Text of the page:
Why fly an airplane light-sport aircraft (LSA)? They are easier, and less expensive to own and operate than typical aircraft. With modern technology they perform well and burn less fuel. Most of the new airplane LSA are designed to burn less expensive auto fuel. Generally, the lighter-weight sport airplanes go about the same speed of other small aircraft and burn about half the amount of fuel. In combination of running auto gas verses more expensive 100LL aviation fuel, the sport plane is below one-third the fuel costs to operate as the larger heavier general aviation airplane.
Fast speed (120 Knots) and heated/enclosed cockpits makes an airplane the travel choice in the LSA catagory. With high performance composite technology sport planes have almost 1000 mile range with 5 hours of fuel capacity. Besides being one of the most fun things to do, airplane LSA provide economical travel alternatives. Typically, LSA are flown under Visual Flight Rules VFR. Many, newer LSA can be flown under Instrument Flight Rules IFR, if properly equipped.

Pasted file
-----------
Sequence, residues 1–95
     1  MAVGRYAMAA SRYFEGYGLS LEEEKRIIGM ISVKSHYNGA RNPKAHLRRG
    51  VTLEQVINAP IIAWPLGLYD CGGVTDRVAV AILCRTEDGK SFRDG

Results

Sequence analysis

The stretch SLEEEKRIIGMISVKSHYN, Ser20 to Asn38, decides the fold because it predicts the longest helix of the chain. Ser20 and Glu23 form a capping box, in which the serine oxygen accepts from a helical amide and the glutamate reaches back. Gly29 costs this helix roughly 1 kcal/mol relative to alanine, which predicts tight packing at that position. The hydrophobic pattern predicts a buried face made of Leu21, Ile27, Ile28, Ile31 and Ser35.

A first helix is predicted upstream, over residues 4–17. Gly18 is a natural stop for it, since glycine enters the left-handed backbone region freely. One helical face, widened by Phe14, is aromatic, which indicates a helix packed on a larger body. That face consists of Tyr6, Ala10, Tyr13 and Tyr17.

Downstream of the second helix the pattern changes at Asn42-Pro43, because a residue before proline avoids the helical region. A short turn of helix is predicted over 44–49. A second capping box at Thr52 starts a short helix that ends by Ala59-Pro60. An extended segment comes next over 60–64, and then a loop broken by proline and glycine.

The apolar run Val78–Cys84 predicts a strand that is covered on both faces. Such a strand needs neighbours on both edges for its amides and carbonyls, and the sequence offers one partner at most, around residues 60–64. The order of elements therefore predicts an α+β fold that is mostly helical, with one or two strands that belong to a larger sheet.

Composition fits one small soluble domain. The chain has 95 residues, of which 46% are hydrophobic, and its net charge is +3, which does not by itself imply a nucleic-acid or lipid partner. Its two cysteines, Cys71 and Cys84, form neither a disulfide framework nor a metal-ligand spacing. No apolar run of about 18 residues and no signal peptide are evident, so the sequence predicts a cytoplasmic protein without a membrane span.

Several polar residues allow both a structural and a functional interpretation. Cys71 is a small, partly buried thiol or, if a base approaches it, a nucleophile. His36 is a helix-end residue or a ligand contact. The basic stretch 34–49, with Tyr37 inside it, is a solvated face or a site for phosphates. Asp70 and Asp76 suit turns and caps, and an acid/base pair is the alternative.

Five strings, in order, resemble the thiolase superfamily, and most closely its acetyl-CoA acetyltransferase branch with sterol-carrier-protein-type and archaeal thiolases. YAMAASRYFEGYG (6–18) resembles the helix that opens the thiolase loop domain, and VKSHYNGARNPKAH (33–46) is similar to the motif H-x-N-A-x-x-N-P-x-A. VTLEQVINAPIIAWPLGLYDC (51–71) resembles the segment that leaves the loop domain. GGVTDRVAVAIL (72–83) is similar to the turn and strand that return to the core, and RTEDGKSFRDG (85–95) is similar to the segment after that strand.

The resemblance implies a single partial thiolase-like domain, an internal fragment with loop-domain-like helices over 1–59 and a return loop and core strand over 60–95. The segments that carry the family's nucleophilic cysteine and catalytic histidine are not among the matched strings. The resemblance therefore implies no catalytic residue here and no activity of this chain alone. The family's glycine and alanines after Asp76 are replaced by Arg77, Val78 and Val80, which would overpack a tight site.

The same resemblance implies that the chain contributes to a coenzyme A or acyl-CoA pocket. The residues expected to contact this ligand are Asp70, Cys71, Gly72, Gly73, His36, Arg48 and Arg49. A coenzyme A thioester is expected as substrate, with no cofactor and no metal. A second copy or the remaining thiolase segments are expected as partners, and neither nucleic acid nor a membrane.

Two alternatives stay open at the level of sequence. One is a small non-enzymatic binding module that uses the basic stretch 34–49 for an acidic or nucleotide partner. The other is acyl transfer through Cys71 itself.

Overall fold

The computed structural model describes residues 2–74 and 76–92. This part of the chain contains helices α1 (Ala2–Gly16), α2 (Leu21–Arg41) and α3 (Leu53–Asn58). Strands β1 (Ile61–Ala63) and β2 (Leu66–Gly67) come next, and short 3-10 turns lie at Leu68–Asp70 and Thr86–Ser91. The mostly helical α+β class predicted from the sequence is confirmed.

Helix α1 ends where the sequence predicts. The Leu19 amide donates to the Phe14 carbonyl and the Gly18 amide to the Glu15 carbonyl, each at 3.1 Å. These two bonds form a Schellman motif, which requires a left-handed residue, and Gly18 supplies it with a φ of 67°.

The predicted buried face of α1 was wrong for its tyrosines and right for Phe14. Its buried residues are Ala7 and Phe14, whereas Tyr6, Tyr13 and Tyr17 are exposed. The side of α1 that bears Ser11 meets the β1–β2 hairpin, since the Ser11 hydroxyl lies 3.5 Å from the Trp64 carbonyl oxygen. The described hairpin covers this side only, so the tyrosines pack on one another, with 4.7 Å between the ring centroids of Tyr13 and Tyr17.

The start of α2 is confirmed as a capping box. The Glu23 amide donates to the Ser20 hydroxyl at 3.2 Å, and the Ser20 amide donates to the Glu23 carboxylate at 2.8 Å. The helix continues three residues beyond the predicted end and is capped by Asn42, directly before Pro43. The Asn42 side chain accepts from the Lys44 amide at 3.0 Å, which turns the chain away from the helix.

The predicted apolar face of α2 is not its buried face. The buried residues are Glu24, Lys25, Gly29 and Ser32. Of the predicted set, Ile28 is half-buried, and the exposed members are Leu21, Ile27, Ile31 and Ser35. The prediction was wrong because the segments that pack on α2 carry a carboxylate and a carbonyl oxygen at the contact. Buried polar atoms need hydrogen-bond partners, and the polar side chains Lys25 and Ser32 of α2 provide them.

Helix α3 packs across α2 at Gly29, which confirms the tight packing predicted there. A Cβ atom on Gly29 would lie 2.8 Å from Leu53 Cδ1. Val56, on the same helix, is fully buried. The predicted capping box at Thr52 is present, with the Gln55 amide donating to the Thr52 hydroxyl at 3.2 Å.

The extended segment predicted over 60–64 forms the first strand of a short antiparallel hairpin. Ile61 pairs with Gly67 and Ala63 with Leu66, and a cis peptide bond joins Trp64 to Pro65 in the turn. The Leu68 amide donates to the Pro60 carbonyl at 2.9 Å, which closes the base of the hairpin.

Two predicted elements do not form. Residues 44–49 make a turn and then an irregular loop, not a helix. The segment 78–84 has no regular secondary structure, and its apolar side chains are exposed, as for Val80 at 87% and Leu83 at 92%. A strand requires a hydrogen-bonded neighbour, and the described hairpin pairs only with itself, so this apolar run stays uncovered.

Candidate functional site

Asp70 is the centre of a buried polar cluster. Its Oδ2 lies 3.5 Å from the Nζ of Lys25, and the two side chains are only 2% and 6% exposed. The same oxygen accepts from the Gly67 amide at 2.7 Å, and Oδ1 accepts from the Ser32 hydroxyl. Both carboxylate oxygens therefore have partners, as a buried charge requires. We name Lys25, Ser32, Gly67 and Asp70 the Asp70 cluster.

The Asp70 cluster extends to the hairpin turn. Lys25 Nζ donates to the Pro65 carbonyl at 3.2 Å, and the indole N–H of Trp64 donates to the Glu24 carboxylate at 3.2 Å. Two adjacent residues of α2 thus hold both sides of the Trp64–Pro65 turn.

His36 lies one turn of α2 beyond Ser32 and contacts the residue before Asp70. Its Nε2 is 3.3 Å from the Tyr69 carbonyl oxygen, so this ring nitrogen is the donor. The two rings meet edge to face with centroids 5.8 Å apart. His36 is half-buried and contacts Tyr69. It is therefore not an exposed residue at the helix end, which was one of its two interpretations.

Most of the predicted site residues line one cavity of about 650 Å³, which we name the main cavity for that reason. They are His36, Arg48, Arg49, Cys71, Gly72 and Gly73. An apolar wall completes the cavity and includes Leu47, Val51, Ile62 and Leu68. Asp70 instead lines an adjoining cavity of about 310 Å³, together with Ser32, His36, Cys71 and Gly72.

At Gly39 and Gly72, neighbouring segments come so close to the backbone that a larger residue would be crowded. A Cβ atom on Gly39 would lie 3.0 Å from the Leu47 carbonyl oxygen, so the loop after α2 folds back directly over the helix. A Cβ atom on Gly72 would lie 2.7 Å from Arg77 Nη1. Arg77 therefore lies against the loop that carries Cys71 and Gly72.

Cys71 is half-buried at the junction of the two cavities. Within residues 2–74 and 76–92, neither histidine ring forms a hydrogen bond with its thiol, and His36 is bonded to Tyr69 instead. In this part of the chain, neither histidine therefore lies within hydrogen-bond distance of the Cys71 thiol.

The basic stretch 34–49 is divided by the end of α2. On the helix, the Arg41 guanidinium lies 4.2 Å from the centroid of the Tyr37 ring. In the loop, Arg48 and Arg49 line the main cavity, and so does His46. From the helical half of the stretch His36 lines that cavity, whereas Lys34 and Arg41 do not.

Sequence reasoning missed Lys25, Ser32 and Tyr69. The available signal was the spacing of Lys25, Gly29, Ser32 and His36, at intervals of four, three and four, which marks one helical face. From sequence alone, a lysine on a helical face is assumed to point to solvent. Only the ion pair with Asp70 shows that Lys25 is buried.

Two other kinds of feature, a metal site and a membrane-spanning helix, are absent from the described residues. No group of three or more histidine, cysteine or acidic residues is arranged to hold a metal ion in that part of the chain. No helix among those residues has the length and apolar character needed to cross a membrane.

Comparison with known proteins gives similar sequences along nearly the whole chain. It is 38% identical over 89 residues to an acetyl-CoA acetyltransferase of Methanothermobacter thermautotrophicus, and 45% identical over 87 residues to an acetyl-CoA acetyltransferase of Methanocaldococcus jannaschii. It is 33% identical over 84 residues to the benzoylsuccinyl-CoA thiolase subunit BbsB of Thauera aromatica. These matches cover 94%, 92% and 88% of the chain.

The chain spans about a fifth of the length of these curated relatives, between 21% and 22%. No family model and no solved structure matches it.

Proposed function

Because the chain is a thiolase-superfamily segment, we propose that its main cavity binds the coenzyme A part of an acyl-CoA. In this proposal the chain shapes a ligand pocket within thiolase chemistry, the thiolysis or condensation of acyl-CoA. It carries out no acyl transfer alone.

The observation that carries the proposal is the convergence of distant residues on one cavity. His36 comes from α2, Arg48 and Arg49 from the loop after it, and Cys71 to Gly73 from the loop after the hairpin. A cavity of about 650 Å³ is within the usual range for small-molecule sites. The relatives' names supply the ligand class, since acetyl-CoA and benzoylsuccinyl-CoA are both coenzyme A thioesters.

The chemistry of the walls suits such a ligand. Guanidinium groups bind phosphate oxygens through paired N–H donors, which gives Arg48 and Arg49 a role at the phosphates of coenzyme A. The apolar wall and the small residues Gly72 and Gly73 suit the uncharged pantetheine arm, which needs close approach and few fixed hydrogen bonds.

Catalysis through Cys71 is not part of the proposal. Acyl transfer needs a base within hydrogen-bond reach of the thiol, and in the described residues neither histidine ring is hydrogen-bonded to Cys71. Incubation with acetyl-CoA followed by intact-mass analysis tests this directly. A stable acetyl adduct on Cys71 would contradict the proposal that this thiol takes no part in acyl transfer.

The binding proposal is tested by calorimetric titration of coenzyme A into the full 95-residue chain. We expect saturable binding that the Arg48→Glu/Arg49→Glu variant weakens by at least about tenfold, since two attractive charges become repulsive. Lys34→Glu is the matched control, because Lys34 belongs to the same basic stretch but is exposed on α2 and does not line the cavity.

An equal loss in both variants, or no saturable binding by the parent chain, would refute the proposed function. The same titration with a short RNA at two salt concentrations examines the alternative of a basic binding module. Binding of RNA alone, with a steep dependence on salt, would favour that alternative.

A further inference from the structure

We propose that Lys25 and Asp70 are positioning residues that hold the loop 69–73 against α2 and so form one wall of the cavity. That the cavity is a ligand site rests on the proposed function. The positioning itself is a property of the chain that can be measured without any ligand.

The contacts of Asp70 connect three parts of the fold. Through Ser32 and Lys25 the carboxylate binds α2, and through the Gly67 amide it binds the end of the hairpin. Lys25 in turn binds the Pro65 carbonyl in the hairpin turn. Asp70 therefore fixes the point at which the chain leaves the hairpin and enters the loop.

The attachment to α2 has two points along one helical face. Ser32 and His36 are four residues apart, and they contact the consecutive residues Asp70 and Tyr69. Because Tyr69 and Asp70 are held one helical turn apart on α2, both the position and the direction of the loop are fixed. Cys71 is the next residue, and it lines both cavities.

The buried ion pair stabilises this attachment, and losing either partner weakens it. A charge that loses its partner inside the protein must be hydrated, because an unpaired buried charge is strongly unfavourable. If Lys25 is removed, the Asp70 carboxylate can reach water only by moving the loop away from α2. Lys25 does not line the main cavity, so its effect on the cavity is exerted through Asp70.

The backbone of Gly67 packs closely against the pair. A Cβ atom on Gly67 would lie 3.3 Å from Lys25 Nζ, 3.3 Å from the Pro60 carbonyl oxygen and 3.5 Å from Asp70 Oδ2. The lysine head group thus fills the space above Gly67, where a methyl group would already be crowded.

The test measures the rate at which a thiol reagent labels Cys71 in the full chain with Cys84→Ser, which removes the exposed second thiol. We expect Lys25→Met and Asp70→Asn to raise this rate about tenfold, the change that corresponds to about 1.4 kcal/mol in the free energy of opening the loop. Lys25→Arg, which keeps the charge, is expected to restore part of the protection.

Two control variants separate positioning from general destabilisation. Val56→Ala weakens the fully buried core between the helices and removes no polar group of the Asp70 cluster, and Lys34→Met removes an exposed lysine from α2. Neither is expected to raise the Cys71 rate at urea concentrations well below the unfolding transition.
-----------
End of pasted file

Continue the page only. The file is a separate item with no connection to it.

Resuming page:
Some airplane LSA are known for the ability to fly low and slow, to see the earth from a different point of view. The LSA’s typical airspeed for slower airplanes is about 25-35 mph (40-60 km/h). You’ll typical operate at altitudes between 300 and 3000 feet (90-900 meters). But you can ground skim just a few feet off the ground (a popular use of the aircraft). These slower aircraft are primarly for fun flying. If you are thinking flying a slower airplane LSA is good, then you may also want to consider flying a trike weight-shift control LSA or a powered parachute LSA which are also slow yet more portable, and are less expensive to buy and maintain.
Overall, an airplane is the standard for aviation and the most popular for general aviation.